Home PlanetYucaEnvironment Large amount of sargassum invades the coast of Quintana Roo

Large amount of sargassum invades the coast of Quintana Roo

by Yucatan Times
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The algae took by surprise hotels and municipalities that still do not have measures to mitigate the landings this year.

Cancun, Quintana Roo, (April 13, 2021).- Quintana Roo received this Tuesday, April 13th, one of the first massive shipments of sargassum in the 2021 season, with impacts throughout the state’s coastline, from north to south.

The brown algae flooded the coasts, to a greater extent, in Playa del Carmen, Mahahual, and Xcalak, taking by surprise the hotels and municipalities that still do not have measures to mitigate the seaweed landings this year.

Since early hours, crews of municipal workers traveled to various beaches in the state to try to leave the sands free of sargassum. However, in places where there is no tourist infrastructure, algae accumulate.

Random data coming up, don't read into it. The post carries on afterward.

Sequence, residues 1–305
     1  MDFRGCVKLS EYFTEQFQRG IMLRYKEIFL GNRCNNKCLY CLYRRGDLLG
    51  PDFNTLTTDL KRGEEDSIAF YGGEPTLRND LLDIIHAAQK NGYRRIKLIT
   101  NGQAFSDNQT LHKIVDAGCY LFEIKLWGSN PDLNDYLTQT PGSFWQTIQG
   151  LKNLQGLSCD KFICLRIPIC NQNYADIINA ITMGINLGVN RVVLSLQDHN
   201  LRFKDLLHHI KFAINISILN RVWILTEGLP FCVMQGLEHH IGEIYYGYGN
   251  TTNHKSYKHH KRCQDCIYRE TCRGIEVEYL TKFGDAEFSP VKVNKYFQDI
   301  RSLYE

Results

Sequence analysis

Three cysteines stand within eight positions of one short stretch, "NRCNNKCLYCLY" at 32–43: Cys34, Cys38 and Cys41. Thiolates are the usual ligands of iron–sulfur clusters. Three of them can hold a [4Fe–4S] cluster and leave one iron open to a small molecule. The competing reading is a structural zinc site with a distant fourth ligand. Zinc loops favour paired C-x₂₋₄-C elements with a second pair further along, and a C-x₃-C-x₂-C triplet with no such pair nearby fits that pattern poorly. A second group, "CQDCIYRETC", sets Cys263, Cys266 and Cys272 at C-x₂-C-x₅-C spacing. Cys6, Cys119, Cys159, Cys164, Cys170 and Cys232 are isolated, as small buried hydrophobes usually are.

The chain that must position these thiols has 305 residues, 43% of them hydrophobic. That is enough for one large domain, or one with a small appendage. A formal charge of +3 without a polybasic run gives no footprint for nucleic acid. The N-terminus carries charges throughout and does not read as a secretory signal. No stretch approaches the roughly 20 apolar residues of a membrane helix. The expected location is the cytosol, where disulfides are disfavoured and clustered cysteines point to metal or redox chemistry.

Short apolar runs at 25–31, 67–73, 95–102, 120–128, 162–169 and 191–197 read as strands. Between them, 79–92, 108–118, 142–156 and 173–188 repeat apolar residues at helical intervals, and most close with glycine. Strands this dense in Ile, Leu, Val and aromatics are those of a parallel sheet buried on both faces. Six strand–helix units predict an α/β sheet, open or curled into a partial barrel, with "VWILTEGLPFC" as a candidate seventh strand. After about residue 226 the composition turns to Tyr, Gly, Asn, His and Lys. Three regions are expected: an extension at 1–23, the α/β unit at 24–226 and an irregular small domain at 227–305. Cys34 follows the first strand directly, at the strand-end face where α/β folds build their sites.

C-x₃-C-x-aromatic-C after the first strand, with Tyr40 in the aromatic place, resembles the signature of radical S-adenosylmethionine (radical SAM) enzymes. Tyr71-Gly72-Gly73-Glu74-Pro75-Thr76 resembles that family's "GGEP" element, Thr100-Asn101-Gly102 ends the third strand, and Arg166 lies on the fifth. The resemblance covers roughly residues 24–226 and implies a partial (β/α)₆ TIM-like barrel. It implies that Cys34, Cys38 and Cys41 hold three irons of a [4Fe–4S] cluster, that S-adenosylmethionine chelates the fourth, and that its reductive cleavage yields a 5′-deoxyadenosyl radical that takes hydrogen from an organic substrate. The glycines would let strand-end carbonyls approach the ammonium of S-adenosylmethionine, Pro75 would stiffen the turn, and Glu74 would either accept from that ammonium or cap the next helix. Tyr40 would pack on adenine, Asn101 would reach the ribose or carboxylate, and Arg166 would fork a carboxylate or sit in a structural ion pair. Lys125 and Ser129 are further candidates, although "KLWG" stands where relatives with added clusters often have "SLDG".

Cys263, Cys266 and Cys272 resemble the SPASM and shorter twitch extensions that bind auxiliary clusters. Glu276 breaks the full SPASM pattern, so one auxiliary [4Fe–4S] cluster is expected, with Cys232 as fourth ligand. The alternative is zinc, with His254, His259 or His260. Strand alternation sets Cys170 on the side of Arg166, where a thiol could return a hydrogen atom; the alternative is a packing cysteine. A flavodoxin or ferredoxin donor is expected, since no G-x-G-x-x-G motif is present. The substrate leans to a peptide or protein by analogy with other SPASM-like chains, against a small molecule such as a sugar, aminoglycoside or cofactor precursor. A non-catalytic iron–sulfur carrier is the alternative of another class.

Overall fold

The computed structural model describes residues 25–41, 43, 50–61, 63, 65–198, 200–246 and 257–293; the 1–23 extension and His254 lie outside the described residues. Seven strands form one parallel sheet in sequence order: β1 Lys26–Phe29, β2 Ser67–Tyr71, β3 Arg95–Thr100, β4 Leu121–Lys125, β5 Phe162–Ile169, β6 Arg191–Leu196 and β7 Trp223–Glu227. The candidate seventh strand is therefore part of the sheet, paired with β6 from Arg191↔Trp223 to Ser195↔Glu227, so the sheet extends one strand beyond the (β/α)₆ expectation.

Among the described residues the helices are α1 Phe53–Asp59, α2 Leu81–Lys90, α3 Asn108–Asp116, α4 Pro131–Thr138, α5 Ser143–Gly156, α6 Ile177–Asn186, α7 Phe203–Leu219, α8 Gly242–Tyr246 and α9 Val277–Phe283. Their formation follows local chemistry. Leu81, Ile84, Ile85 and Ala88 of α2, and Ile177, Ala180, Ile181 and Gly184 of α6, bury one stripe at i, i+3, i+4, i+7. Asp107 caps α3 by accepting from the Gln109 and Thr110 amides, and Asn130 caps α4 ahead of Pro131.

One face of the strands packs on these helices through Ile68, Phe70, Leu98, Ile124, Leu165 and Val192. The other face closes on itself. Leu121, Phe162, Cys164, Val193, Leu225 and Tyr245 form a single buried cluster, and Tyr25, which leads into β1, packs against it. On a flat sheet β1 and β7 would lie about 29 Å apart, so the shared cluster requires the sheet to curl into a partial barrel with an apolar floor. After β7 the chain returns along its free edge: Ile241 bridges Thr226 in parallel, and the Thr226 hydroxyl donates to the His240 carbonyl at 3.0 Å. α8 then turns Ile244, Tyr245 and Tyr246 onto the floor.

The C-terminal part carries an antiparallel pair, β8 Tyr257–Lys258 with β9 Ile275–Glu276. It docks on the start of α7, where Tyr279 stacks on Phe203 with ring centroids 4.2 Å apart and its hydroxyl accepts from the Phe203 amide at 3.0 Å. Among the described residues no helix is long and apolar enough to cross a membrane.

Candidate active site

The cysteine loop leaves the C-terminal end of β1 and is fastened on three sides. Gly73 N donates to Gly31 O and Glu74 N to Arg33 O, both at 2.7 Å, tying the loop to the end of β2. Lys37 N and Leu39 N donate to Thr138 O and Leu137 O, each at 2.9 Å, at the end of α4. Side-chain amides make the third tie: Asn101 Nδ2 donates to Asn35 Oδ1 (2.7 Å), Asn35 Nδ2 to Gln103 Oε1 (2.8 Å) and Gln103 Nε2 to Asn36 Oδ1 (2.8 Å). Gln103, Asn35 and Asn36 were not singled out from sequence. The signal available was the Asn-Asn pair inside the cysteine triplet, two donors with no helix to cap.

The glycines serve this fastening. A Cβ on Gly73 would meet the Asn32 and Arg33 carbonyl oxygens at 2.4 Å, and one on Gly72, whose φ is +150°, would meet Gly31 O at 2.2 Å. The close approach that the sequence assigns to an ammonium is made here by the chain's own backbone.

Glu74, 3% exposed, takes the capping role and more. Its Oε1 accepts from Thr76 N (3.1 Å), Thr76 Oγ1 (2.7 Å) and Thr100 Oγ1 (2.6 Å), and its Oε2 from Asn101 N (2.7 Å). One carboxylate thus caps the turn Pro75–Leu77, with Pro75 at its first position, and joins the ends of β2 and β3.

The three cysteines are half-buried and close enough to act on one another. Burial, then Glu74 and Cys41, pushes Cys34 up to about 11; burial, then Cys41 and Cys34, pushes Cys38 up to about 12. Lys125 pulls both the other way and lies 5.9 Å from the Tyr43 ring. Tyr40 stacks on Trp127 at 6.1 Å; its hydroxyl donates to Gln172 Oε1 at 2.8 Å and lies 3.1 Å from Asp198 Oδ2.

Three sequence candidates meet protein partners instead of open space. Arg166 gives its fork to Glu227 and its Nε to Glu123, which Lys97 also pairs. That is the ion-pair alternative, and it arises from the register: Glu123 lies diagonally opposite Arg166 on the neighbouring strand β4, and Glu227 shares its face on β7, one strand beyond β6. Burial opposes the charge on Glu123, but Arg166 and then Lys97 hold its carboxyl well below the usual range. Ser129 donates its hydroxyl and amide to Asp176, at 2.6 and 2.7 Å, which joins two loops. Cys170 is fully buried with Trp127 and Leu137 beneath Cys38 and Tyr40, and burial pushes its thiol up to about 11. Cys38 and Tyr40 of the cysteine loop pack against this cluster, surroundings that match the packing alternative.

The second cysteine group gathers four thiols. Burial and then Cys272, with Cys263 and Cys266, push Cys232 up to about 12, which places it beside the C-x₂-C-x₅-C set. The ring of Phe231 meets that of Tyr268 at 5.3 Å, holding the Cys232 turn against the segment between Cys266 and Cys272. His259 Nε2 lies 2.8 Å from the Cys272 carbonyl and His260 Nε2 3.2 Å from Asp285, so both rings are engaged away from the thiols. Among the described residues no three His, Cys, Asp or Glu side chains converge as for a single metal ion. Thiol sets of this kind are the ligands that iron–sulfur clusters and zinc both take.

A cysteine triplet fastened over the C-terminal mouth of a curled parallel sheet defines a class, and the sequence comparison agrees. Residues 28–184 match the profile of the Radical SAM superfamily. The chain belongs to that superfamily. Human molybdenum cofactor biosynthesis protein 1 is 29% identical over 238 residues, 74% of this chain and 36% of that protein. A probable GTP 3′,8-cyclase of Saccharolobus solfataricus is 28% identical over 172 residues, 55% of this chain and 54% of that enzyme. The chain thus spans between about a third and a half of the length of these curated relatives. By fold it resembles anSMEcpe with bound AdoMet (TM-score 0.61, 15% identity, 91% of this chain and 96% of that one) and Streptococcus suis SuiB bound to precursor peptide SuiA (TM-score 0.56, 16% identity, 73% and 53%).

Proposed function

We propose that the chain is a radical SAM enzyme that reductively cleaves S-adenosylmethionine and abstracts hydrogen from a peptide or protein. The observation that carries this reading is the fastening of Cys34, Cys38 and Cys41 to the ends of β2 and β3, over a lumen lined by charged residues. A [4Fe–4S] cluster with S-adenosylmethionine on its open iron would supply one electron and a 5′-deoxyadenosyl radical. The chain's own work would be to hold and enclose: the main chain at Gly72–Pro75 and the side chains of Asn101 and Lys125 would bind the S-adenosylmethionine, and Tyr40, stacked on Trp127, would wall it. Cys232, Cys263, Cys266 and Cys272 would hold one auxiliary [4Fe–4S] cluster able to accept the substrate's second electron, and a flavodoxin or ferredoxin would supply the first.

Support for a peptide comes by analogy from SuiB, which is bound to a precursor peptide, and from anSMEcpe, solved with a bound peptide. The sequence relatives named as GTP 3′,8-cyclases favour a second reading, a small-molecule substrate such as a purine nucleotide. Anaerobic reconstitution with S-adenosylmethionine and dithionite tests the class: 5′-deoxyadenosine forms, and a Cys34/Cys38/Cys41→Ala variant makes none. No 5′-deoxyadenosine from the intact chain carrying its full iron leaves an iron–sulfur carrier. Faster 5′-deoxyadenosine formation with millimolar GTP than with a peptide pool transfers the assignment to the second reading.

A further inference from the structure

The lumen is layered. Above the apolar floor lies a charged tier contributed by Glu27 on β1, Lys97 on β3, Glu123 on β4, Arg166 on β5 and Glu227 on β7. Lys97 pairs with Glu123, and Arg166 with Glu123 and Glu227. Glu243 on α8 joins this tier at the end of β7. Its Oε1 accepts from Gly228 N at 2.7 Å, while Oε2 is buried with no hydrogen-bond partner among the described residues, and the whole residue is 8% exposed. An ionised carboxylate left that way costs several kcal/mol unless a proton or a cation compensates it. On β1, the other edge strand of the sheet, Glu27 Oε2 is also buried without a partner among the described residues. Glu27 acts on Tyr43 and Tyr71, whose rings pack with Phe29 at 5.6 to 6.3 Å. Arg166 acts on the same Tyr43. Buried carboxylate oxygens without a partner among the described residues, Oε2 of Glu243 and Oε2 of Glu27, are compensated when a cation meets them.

Cancun is the least affected area. According to the Sargasso Monitoring Network of Quintana Roo, 52 beaches in the northern zone have moderate and abundant sargassum, while another thirteen have low amounts and 15 are free of algae.

Only three days before, 50 points were identified with very low presence, and only 15 between abundant and moderate.

The Network attributes these landfalls to the winds from the southeast, which run northward at up to 40 kilometers per hour.

The arrival of sargassum brings with it a series of environmental and economic effects, as it causes the death of seagrass ecosystems, affects the sand and kills species of ecological and commercial importance, such as fish and crustaceans.

Likewise, the fetid smell and brown water are the first impressions that tourists have, who came to this destination attracted by the white sands and the turquoise sea.

During March, the accumulation of sargassum in the sea doubled, from 4.6 million tons in February to 10.1 million tons during March. This amount is comparable to the 2018 reports, the highest peaks on record.

In the summer of 2018, the coasts of the Mexican Caribbean suffered the highest sargassum recall since recorded, followed by the arrivals of 2019. Although in 2020 there was a significant drop, for this year the forecast is becoming more and more worrying.

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